A 50-year-old man from Trion, Georgia, is the first person to be injected with stem cells in the upper part of the spinal cord, making him yet another pioneer in the scientific quest to use stem cells to heal.
With his head bowed and a barely detectable quiver in his voice, the baseball player known as the "Iron Horse" devastated the crowd at Yankee Stadium, not by hitting a home run, but by announcing that he was dying.
Imagine having your back cut open, part of your spine removed, a stabilizing device that resembles a mini oil rig mounted on your back, the outer membrane of your spinal cord sliced open and experimental stem cells injected into it -- all for the advancement of science because it's not expected to benefit you.
Cruise Bogle, 18, was skimboarding with friends in Delray Beach, Florida, when he took a wave that whipped his board out from under him. Bogle was thrown backward, and his head hit the ocean floor. When friends saw him lying still in the surf, they knew something was wrong and rushed him to the hospital.
Saturday marks the 70th anniversary of one of the most stirring moments in American sports history. On July 4, 1939, beloved New York Yankees first baseman Lou Gehrig stood before a crowd of 61,808 at Yankee Stadium. Weeks earlier, shortly after pulling himself out of the lineup for the first time since 1925, the four-time American League MVP had learned that he had the disease Amyotrophic Lateral Sclerosis, an affliction of the motor neurons that causes muscle atrophy and the gradual, agonizing loss of bodily function. In the overwhelming number of cases, it is a death sentence.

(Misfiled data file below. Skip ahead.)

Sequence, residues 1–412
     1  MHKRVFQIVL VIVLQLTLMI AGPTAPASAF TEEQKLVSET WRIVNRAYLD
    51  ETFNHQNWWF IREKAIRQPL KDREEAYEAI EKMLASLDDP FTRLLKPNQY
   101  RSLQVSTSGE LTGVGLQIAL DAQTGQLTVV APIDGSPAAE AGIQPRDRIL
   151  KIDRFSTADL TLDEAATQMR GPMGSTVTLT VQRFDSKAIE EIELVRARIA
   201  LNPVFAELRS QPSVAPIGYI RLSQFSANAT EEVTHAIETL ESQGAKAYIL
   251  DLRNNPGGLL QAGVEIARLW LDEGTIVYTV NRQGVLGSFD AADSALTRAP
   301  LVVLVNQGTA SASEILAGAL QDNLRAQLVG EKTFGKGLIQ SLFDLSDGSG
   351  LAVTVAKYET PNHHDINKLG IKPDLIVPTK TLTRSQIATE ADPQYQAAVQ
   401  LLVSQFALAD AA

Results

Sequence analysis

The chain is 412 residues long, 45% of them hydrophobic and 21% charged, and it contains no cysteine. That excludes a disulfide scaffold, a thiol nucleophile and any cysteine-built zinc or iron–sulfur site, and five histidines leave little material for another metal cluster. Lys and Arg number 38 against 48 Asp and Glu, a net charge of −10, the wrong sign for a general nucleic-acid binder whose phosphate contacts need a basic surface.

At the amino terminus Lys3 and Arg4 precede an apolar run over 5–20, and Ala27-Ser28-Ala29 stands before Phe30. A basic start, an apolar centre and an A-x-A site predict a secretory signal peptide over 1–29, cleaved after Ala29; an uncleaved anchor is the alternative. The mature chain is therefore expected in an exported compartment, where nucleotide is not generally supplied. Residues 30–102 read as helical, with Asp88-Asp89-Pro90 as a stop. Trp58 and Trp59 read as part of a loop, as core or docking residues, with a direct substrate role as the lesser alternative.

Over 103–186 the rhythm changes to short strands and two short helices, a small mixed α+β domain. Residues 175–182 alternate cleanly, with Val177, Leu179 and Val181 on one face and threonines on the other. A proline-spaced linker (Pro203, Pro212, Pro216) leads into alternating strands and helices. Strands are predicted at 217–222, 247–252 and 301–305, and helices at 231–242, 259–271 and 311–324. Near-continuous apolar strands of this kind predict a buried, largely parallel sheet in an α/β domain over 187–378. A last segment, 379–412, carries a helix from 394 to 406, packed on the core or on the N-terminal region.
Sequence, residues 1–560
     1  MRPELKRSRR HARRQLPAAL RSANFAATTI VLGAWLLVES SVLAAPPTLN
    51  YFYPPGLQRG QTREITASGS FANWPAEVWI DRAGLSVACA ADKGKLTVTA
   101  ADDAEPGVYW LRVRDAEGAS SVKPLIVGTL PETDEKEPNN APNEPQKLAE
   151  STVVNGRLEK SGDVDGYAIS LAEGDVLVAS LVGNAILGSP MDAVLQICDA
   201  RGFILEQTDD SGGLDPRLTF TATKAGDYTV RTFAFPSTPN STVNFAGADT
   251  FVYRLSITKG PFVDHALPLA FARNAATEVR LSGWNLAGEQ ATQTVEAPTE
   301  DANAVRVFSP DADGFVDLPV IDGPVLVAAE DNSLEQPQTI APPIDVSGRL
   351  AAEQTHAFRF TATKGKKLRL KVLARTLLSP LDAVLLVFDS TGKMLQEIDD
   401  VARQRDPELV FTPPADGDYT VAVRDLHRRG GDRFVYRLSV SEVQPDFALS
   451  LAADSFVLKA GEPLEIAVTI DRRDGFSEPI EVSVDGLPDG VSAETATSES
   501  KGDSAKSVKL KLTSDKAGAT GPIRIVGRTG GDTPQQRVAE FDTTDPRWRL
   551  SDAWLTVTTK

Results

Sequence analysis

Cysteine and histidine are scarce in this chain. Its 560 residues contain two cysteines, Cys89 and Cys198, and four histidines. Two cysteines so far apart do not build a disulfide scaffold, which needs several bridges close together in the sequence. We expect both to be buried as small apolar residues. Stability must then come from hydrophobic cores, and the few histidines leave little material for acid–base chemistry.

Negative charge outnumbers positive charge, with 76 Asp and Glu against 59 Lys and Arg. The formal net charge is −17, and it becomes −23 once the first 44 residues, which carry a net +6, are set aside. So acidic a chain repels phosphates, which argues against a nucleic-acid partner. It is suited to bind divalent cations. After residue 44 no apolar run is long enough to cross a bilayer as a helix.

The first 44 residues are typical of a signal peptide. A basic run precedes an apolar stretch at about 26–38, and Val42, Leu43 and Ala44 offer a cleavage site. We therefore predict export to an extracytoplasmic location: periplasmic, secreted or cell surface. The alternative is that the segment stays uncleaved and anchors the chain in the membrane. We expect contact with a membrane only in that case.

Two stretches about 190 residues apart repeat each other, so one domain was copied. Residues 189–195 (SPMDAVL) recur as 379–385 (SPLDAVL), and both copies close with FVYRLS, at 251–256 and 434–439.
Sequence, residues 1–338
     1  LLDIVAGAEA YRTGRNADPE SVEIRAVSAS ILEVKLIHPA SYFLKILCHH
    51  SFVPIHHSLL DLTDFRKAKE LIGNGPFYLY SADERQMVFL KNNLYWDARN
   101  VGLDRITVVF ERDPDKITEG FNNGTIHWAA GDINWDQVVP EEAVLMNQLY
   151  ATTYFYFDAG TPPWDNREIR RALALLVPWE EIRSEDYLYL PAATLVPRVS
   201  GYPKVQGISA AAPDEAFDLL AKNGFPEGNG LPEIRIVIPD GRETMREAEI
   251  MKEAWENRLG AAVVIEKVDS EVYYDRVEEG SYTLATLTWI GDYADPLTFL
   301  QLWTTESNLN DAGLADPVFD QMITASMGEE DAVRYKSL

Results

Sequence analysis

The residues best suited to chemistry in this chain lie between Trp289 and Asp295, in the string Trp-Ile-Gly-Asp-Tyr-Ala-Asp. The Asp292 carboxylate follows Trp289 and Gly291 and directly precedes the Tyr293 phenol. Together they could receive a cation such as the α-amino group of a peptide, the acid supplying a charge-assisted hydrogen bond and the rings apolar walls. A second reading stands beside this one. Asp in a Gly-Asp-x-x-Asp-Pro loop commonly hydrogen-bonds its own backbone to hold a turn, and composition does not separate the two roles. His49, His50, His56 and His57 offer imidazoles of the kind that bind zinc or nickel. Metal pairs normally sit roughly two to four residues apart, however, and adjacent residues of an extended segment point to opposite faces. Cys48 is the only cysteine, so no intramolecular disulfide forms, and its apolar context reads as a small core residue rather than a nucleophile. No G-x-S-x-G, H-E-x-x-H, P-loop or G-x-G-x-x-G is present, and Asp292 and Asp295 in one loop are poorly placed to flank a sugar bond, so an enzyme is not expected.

Besides charting the nature of space and time and penning the bestseller "A Brief History of Time," Stephen Hawking has another distinction: He beat the life-expectancy odds for people with ALS, amyotrophic lateral sclerosis.
Confident that they have proven intent to kill, Michigan prosecutors rested their case in the murder trial of Dr. Jack Kevorkian after playing the videotape of Thomas Youk's death and calling the medical examiner and investigators in the case.
Military service may slightly increase the risk of developing amyotrophic lateral sclerosis (ALS), or Lou Gehrig's disease, but more research is needed, according to a new report from the National Academy of Sciences.